I used to do a 7 min loop with some punchy climbs and descents. I was on my limit for race pace, but could bang out 10 laps no problem. I just couldnt have really dont them any faster. Repetitive laps are super important for improving handling since you’ll get many turns over the terrain to improve your lines. ‘Variability factor’ of 1.35. No TR workout could mimic that… Check out this graph of one ‘rep / loop’

It is logical to me to complete some of my VO2 workouts on the trail. I could potentially alternate every other workout. I only race XC so specificity is there.

I think the problem with this question is one of semantics. If you are trying to hit a specific power target for a specific duration, no single track is not the right place. But if you race XC, that is also not what you do on race day. You [probably] need to be able to get up a tight, twisty switchbacks with minimal traction, without dabbing, while bleeding out your eyeballs from going as hard as you can. So maybe no it’s not logical to do VO2 workouts on the trail, but it is logical to do MTB hill climb workouts on the trail.

I have a few 3-4 minute tight technical climbs near me that I use for a “Langley” (3.5 on/7 recovery) or “Hurd” (3 on/4 rec) style workouts. I just go as hard as I possibly can, while fighting for traction and maintaining balance. If I had a power meter, I most certainly wouldn’t be at the required powers, but that’s OK. It’s still very valuable training because it is what is going to be required for the races.

Maybe the other thing to consider is at what point in your season you are. It probably doesn’t make a lot of sense to do these outdoor hill climbs 3 months away from race season, but once you get closer to/in race season, this becomes absolutely necessary in my opinion.


I’ve got a loop by me that’s great for intervals. Have a steady incline where I can do about 8.5 minutes at ftp without running out of space and a great short punchy climb that’s perfect for a 30 sec all out intervals. Can then finish off the loop with some easy z2-3. A month or so before cx season starts, I’m there at least twice a week

I find just having a loop that you can lap out and going out and doing a time trial on it works.

It’s not steady state, because of what has been said above about the terrain having you stop pedaling.

I do however think you practice how you intend to race, so I like hitting the trails hard as much as possible.



You only race XC… doing some VO2 on singletrack is going to be a HUGE benefit. Even if you don’t pedal around a turn or have a small dip, the race pace like effort will help your skills as much as your fitness. Do I dare say it is almost essential some sessions be done outside?

Personally I love pushing the pace on singletrack… it’s a lot of fun… but the trails here are multi-use and multi-directional. If that’s your trails just make sure you are doing the intervals in an open spot with good sight lines for your safety. Last thing you want is to be hurting, head down climbing and someone comes around a corner full send.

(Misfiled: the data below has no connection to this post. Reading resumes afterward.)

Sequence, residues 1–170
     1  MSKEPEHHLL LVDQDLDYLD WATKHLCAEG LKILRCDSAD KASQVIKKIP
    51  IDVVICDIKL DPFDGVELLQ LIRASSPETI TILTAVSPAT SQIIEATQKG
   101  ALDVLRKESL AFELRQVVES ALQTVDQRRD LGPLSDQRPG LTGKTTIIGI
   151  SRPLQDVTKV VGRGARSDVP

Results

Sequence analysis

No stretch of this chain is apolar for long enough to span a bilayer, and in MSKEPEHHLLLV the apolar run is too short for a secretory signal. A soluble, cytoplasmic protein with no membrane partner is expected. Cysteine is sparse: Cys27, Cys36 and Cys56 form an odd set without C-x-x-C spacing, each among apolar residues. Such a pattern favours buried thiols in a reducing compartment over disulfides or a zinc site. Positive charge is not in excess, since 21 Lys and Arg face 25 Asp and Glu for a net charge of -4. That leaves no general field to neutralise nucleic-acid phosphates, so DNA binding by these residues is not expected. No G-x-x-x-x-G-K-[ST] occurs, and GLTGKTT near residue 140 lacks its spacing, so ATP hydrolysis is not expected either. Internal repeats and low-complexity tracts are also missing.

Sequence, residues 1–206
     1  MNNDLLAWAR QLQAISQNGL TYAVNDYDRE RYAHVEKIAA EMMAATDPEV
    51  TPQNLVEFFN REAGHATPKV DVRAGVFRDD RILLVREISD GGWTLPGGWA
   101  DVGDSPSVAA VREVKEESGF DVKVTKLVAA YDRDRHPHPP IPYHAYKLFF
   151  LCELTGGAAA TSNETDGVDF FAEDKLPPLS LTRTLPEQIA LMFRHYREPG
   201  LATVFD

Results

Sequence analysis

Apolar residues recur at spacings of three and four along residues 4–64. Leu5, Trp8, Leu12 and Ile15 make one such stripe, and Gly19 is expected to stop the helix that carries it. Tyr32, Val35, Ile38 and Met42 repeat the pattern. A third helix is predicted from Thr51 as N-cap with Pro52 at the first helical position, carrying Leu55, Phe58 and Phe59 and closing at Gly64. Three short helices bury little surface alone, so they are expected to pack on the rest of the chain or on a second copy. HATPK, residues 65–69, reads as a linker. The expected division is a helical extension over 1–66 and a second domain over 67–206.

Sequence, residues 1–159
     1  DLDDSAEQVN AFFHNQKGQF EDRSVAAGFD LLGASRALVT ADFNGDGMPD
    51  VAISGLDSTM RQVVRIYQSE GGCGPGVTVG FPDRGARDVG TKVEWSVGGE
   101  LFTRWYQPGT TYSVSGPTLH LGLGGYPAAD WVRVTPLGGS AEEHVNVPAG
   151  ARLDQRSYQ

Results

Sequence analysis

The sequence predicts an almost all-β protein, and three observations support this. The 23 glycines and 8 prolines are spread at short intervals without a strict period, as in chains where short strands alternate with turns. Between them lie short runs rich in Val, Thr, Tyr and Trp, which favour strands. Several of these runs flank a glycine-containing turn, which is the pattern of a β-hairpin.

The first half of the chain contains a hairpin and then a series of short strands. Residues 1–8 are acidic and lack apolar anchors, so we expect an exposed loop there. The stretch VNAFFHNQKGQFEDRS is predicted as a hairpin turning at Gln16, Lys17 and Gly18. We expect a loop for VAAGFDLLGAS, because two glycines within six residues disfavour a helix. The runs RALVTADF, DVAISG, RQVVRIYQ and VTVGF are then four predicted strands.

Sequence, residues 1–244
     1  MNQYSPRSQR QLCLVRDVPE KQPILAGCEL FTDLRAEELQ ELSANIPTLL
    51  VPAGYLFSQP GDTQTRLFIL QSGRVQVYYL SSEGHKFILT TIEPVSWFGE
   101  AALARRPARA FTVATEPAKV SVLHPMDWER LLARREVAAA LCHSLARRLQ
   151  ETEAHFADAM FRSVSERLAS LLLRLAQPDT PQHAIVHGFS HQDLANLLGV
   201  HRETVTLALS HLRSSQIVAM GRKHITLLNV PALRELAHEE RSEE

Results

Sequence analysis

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Just because your HR is high, doesn’t mean you’re working at VO2max. Otherwise a whole XC race would be one long VO2max workout.

Your HR is constantely high because on some parts of the track, you go way above threshold, which brings your HR up. You might stop pedalling for the next bit, but your HR stays high because your body is still recovering from the previous effort, and HR is pretty sluggish to react. By the time its dropping, you’ve hit the next power bit of the trail, and it never really drops.

Imo, if you want to do effective VO2max intervalls, you have to be pedalling hard for the whole interval. If you can do that on singletrack, do that, but most find it easier on non-technical terrain.

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I’ve always noticed I can run 10 BPM higher on single track than I can on the road over an extended period of time. I’ve always kind of assumed this was due to the additional upper body contribution required to ride single-track at racing speeds.

For me, I think it’s best to take care of the structured training out on the road or gravel. This is where something like a low-volume plan comes in. Here’s how I had structured my low volume plan back when I was racing XC.

  • Tuesday : TR Workout
  • Wednesday: Singletrack Easy (skills)
  • Thursday: TR Workout
  • Friday: Chill Ride
  • Saturday: TR Workout + Bonus Miles, or Group ride
  • Sunday: Long MTB ride

I agree. I think there’s probably a case to make that the more specific workouts are going to serve most XC racers more any way. I don’t respond well to traditional VO2 Max workouts, so I use them very sparingly.

Another point to make is that race simulations are a lot more fun and therefore are typically much easier to accomplish than a classic steady state VO2 max workout.

Of course there’s an argument to work on all SS zones depending on the course and/or the need for a “base” fitness.

I would argue that since VO2 max revolves around the total amount of oxygen your body is consuming rather than the exact wattage at the pedals, then singletrack intervals should achieve a similar training effect.

I used to be an XC skier and could do VO2 max workouts without pedaling at all!


Agree with this post.

It’s also a terrific way to train yourself for dealing with the technical downhill sections whilst breathing through your eyeballs.